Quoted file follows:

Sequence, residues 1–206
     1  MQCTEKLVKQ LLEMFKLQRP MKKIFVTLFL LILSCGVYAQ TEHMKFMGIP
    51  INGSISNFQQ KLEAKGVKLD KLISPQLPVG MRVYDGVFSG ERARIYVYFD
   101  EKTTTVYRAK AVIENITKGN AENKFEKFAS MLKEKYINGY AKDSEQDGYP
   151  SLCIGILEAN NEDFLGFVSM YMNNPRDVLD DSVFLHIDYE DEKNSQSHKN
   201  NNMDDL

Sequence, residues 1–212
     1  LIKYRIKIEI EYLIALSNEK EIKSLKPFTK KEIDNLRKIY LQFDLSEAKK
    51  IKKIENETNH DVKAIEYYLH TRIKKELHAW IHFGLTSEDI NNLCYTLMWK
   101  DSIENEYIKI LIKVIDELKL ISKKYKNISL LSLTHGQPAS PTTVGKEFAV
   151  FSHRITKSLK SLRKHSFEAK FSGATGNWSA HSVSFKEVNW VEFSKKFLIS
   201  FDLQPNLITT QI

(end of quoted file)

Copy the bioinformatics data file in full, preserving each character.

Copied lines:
Sequence, residues 1–206
     1  MQCTEKLVKQ LLEMFKLQRP MKKIFVTLFL LILSCGVYAQ TEHMKFMGIP
    51  INGSISNFQQ KLEAKGVKLD KLISPQLPVG MRVYDGVFSG ERARIYVYFD
   101  EKTTTVYRAK AVIENITKGN AENKFEKFAS MLKEKYINGY AKDSEQDGYP
   151  SLCIGILEAN NEDFLGFVSM YMNNPRDVLD DSVFLHIDYE DEKNSQSHKN
   201  NNMDDL

Sequence, residues 1–212
     1  LIKYRIKIEI EYLIALSNEK EIKSLKPFTK KEIDNLRKIY LQFDLSEAKK
    51  IKKIENETNH DVKAIEYYLH TRIKKELHAW IHFGLTSEDI NNLCYTLMWK
   101  DSIENEYIKI LIKVIDELKL ISKKYKNISL LSLTHGQPAS PTTVGKEFAV
   151  FSHRITKSLK SLRKHSFEAK FSGATGNWSA HSVSFKEVNW VEFSKKFLIS
   201  FDLQPNLITT QI